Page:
Scientists are constructing knowledge about global warming by adapting evidence-based disciplines to reflect the Precautionary Principle. It is equally important to communicate the complexities and uncertainties underpinning global warming because inappropriate vehicles for giving accounts could result in defensive decisions that perpetuate the business-as-usual mindset: the method of communication affects how the risk associated with global warming is socialised. Appropriately constructed accounts should facilitate reflective communicative action. Here Beck's theorisation of risk society, Luhmann's sociological theory of risk and Gandhi's vehicle of communicative action (or satyagraha) are used to construct a risk-based accountability mechanism, whilst providing insight into Schumacher's concept of total accountability. These accountability constructs will be illustrated through the lived experiences of South Australian citrus horticulturists in the context of a richly layered narrative of competing discourses about global warming. The reiterative process of theory informing practice is used to construct a couple of dialogical vehicles of accountability.
The case opens with the Ford Motor Company seemingly on the path toward bankruptcy. Ford had been bleeding red ink for more than ten years when it decided in 2006 that continuing the same turnaround attempts was not going to right the ship. The company was facing significant external challenges, such as intense competition and changing consumer preferences, as well as internal challenges, such as quality and design issues and a stifling level of corporate complexity. As the case begins, CEO Bill Ford has taken the unusual step of hiring an auto industry outsider as his replacement. Alan Mulally, a thirty-seven-year Boeing veteran and principal architect of the venerable airplane manufacturer's own massive and successful turnaround, wasted little time in getting about the business of remaking Ford. He developed a plan to: focus on the Ford brand and divest the numerous other brands the company had acquired over the years; simplify and streamline the company's manufacturing operations; and remake the corporate culture from one of fiefdoms and false optimism to collaboration and facing reality. With an ardent belief in the plan's viability, Mulally raised nearly $24 billion and began to put his plan into motion. The case explores the many causes of this once-great company's decline and the steps it took to beat the odds and get back on the path of profitability.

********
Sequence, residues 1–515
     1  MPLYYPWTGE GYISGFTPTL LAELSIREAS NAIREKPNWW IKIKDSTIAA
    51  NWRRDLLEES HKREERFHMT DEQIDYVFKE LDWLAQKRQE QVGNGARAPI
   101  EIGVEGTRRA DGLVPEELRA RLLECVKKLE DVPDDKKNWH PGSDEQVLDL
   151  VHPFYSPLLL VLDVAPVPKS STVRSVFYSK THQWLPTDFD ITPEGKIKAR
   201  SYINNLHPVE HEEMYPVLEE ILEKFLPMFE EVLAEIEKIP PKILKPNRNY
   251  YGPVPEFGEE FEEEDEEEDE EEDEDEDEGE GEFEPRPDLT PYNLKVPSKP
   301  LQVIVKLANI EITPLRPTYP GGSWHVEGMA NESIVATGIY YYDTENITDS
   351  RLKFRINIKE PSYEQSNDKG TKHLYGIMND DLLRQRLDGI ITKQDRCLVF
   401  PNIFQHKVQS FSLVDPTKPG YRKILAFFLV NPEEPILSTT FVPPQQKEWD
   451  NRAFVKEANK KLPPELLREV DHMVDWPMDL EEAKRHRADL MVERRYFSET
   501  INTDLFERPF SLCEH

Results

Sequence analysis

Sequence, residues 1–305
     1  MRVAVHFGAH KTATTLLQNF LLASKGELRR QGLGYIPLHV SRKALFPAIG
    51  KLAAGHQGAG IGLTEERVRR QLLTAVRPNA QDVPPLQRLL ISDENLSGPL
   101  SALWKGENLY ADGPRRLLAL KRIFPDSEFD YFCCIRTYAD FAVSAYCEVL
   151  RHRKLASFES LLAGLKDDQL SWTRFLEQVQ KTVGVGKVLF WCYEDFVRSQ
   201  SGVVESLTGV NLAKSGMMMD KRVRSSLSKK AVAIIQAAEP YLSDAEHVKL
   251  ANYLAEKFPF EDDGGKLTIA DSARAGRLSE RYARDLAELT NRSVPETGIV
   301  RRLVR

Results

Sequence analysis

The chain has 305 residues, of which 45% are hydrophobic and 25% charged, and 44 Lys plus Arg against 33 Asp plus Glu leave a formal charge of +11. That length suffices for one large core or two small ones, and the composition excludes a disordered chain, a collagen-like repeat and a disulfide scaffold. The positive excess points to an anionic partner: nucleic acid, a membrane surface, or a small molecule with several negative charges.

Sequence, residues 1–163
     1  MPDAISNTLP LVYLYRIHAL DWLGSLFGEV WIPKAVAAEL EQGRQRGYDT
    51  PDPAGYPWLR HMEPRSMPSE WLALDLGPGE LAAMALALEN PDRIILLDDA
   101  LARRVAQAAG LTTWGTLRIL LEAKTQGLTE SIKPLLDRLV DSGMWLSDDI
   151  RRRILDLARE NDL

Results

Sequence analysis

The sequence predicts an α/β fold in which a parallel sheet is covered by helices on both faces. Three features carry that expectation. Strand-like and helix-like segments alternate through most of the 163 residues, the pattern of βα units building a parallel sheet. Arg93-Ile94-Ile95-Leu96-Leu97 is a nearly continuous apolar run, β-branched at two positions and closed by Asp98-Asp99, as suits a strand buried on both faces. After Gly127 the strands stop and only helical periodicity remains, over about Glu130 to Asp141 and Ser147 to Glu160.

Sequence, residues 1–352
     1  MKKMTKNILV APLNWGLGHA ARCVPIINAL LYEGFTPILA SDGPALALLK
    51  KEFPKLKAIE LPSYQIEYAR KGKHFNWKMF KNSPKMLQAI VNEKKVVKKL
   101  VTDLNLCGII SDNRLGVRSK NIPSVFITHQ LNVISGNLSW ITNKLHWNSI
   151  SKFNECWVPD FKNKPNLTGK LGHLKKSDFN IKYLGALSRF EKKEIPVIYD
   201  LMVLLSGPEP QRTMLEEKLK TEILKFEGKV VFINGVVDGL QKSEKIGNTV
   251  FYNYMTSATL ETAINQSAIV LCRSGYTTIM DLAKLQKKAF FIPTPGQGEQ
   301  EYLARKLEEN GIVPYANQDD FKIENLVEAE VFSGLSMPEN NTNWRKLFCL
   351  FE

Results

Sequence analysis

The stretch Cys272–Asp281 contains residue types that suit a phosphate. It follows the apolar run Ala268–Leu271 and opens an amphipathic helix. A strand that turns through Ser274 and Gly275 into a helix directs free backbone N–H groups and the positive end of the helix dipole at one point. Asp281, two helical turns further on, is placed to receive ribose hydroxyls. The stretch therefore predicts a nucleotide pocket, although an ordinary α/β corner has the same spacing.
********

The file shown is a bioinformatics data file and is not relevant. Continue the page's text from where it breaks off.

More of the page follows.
This case demonstrates that internal issues alone can derail a company and emphasizes the importance of leadership in fostering the right corporate culture to turn a company around. Students will identify the key internal and external factors that can contribute to a company's decline and learn the importance of diagnosing issues within each of three major aspects of a company-strategy, operations, and financials-in order to develop a successful turnaround plan.
In 1992 and 1993, I published several articles on the “Total Force” armies of Canada and the US in an attempt to evaluate the worthiness of the concept (see Thompson, 1993…
In 1992 and 1993, I published several articles on the “Total Force” armies of Canada and the US in an attempt to evaluate the worthiness of the concept (see Thompson, 1993). Ideally, a Total Force Army is one in which both regular and reserve units are supposed to be equals, well-integrated, harmonious, synergistic, functional, and interdependent. To achieve this, the two components must work together, train together, respect each other, and function seamlessly with identical equipment, training, and procedure. Since most reserve units in the US, Canada, and the UK, for example, train mostly on weekends, and typically have older equipment, this would necessarily involve the improvement and maintenance of reserve force training, retention, and equipment. It also really means that reserve forces will need time to reach these standards, but for some reason, some governments do not think about this basic fact. This is true not only for the US, but for the Canadian, UK, and other allied forces, as well.